Depiction of Indecency: “Dirty” Music

Your special someone is coming over for a romantic evening. You’ve lit the candles and spread the rose petals. What music do you put on to set the proper mood to get a little, well, improper?

Maybe a little Marvin Gaye?

Barry White? Lewis Taylor? Who? Yeah, I know you’ve never heard of him, but this is a great song:

Maxwell? Jason Derulo? Weeknd? R. Kelly? Only if she’s 12. (May he rot in prison.)

But is a song like this going to get you a little sumthin’ sumthin’?

Is the difference between these songs the difference between the bedroom and the club? The difference between making love and fucking?

Does that last pair of words highlight the difference between denotation and connotation? Denotatively, making love and fucking refer to the exact same physical act, the same body parts interacting in the same way. However, connotatively, the two words tend to evoke very different associations. Is this the difference between seduction and raw, animal lust?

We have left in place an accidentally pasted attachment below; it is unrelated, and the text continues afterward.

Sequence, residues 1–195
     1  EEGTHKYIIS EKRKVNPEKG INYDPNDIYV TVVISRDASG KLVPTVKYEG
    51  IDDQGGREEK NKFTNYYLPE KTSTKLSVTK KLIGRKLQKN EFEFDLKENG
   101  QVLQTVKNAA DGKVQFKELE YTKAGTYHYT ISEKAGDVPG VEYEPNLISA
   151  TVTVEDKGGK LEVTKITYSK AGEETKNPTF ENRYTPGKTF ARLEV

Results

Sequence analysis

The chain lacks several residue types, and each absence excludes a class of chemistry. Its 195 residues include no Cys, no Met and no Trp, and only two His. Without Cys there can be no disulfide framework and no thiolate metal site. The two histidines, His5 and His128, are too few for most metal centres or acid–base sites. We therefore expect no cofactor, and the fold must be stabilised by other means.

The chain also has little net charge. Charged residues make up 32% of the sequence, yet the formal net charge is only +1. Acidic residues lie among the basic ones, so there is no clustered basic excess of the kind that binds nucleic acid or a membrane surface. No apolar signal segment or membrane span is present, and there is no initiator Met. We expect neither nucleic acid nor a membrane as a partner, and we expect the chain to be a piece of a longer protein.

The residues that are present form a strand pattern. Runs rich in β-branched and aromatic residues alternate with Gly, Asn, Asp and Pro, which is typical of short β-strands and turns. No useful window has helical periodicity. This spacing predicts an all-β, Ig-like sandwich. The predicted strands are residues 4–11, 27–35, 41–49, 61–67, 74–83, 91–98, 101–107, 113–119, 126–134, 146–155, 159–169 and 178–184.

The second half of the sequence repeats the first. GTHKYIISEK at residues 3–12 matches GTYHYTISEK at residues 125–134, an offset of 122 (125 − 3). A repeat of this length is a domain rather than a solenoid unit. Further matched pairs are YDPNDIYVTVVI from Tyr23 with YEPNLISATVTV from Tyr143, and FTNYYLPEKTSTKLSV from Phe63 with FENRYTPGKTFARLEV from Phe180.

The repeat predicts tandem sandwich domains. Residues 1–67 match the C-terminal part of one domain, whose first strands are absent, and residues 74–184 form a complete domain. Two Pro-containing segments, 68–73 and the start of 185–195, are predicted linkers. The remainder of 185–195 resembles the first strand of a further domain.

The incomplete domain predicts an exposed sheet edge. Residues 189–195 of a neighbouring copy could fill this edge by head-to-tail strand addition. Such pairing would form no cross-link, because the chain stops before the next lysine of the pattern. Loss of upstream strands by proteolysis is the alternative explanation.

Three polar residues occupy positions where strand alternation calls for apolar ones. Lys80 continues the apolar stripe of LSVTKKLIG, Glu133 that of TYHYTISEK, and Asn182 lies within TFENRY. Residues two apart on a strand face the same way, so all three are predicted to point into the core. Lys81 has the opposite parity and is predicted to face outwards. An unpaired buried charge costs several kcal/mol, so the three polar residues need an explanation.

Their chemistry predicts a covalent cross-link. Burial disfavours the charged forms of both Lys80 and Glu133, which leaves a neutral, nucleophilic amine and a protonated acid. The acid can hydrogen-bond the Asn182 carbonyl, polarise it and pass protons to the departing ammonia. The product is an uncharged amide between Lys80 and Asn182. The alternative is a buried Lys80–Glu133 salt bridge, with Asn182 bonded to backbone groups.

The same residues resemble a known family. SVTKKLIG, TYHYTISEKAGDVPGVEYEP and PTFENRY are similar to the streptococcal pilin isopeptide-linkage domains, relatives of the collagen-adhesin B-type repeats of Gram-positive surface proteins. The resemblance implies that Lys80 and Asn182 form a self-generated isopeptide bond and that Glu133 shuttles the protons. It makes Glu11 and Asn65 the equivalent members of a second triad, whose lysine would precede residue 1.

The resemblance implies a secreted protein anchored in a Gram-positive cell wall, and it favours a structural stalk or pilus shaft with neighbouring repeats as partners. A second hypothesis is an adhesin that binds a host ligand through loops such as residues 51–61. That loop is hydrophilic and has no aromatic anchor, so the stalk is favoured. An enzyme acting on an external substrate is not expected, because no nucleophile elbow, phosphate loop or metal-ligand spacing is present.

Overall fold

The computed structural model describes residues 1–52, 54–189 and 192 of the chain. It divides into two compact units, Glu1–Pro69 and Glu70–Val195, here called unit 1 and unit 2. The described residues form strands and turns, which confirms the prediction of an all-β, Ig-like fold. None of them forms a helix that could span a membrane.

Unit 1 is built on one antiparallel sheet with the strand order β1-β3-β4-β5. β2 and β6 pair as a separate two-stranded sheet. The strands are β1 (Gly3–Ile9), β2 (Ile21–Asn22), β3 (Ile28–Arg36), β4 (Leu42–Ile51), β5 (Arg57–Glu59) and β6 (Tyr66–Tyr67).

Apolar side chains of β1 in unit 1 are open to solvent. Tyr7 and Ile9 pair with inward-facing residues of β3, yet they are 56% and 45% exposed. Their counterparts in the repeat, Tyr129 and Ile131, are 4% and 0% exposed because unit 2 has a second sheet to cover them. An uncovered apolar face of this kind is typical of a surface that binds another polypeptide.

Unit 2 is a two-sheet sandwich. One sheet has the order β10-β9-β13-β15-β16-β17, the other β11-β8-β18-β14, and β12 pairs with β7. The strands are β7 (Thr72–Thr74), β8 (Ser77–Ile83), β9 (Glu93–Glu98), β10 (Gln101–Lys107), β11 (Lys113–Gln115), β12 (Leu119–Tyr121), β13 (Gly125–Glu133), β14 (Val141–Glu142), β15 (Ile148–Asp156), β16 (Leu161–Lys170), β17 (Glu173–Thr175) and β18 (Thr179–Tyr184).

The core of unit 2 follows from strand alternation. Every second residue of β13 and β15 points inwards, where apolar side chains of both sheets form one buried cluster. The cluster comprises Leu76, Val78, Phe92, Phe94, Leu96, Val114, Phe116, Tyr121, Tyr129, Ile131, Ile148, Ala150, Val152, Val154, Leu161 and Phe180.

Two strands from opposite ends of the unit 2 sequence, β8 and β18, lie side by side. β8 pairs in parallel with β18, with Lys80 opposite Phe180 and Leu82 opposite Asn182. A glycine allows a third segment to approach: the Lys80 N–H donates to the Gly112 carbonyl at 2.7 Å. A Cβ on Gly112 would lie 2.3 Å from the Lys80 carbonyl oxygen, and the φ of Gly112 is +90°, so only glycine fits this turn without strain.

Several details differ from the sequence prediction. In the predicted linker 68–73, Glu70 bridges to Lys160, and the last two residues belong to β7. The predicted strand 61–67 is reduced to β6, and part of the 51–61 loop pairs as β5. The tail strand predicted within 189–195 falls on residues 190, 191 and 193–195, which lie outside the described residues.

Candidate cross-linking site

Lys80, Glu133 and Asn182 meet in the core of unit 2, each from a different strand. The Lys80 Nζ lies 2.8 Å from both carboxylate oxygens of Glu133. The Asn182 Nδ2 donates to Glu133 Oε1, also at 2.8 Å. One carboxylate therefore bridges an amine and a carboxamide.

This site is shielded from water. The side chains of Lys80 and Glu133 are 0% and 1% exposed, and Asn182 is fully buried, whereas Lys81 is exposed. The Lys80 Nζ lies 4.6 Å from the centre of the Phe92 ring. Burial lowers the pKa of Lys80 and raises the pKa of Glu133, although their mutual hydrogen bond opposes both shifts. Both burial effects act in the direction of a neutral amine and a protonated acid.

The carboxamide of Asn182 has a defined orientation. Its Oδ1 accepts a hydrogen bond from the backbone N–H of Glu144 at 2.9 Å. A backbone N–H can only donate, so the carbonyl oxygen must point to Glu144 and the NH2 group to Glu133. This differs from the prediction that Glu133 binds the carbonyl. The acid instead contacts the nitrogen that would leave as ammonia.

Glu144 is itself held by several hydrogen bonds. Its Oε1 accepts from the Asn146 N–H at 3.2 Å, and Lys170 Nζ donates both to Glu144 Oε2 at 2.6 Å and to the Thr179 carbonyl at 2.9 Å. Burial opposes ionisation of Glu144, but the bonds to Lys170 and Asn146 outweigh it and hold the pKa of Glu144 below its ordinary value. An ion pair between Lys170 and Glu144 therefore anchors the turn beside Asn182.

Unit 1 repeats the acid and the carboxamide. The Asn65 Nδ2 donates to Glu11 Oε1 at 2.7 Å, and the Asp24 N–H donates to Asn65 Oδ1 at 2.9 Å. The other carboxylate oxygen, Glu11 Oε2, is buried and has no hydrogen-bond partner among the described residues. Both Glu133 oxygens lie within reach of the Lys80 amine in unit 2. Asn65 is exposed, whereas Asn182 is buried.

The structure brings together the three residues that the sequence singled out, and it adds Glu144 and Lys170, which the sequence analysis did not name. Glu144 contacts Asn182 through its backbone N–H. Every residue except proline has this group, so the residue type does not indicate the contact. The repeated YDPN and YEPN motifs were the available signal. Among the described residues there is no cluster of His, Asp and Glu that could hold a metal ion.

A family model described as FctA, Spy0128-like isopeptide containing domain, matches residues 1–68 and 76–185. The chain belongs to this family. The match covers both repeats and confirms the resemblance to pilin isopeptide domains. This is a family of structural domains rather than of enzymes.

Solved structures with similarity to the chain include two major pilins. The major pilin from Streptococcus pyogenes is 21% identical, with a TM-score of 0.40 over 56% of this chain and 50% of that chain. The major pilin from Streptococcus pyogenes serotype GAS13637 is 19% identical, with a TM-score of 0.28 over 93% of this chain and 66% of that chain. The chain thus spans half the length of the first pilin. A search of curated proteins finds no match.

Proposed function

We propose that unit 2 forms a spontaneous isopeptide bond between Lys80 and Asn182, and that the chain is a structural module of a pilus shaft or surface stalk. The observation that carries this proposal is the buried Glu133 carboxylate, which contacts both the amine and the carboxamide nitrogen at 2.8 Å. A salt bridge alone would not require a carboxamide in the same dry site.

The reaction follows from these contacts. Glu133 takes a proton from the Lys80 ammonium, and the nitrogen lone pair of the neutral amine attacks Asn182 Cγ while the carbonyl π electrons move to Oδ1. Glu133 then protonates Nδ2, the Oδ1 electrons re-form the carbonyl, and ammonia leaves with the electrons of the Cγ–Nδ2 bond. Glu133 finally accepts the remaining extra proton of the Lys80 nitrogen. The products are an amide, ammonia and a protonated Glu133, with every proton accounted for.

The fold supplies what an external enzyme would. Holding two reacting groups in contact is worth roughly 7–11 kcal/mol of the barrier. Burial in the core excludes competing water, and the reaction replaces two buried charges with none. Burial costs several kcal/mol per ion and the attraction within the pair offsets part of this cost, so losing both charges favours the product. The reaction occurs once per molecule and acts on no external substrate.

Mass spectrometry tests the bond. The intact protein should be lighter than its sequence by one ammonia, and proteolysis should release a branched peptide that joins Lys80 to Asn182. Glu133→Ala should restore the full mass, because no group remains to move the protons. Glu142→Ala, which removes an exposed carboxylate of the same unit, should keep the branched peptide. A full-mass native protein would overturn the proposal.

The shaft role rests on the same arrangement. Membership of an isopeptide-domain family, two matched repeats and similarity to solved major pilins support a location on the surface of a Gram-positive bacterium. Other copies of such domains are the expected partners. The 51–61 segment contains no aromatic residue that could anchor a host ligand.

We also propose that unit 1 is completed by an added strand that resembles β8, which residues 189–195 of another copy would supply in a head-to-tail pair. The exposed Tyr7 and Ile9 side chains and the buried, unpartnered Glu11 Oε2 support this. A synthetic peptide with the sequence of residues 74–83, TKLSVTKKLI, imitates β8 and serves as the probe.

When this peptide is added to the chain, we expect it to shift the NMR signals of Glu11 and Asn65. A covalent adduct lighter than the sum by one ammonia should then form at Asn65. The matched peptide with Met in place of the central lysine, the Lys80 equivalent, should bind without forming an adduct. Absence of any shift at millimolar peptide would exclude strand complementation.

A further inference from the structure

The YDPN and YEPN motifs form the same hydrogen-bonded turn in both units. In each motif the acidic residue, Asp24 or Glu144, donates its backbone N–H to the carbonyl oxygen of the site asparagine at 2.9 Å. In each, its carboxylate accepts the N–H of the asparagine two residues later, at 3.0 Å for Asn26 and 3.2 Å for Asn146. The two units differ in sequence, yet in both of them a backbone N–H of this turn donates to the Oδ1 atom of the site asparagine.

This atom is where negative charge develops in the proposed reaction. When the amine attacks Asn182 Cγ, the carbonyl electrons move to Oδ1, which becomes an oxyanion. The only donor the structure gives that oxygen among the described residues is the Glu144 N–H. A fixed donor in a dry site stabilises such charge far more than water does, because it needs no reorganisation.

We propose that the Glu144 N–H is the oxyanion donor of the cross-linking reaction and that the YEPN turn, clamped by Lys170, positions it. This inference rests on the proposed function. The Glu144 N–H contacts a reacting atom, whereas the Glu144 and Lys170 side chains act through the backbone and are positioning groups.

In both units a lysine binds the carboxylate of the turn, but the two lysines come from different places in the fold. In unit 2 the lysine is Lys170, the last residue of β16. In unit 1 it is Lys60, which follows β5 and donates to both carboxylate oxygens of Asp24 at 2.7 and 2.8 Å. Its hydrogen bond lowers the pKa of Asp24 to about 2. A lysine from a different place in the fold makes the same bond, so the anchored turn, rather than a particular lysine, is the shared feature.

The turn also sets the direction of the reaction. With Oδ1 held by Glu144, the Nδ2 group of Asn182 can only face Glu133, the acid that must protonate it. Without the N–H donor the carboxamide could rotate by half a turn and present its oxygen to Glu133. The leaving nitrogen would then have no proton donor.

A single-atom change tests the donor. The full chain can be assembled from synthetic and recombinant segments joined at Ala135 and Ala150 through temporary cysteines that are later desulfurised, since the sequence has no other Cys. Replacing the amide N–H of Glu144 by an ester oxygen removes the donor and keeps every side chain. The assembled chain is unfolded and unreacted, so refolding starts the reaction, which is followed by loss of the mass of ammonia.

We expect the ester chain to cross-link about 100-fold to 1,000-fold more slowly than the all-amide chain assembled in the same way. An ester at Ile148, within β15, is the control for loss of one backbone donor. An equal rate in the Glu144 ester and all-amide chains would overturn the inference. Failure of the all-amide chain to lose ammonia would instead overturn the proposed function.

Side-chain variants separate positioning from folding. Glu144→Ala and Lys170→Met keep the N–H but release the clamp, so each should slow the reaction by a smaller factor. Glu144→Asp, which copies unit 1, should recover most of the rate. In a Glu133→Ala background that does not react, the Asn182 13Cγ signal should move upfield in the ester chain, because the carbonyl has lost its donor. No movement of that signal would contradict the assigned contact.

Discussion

Which is Muddy Waters referring to?

He may use the words “make love,” but do his growl and lack of interest in anything else she might do for him make it clear that he is actually referring to fucking? Of course, he could not use that word and get on the radio or the charts in 1954 (when the song reached #4 on the Billboard R&B chart).

Times have since changed, plus radio is no longer nearly so crucial to a song’s popularity, so artists no longer beat around the bush . . .

. . . as they try to get a, uh, head:

What about this bit of unsolicited advice?

You probably would not have batted an eye if those lyrics had been rapped over trap beats, but is it surprising to hear such graphic words in a country song? Country has a reputation of being wholesome, though I don’t know why with all of the songs about sex in the beds of pickup trucks. Is it okay because they refer to it as “making love”?

Is it a coincidence that these songs all focus on male pleasure, pleasing the stick, not the box?

And is it strange that many female rappers also give lip service to these values?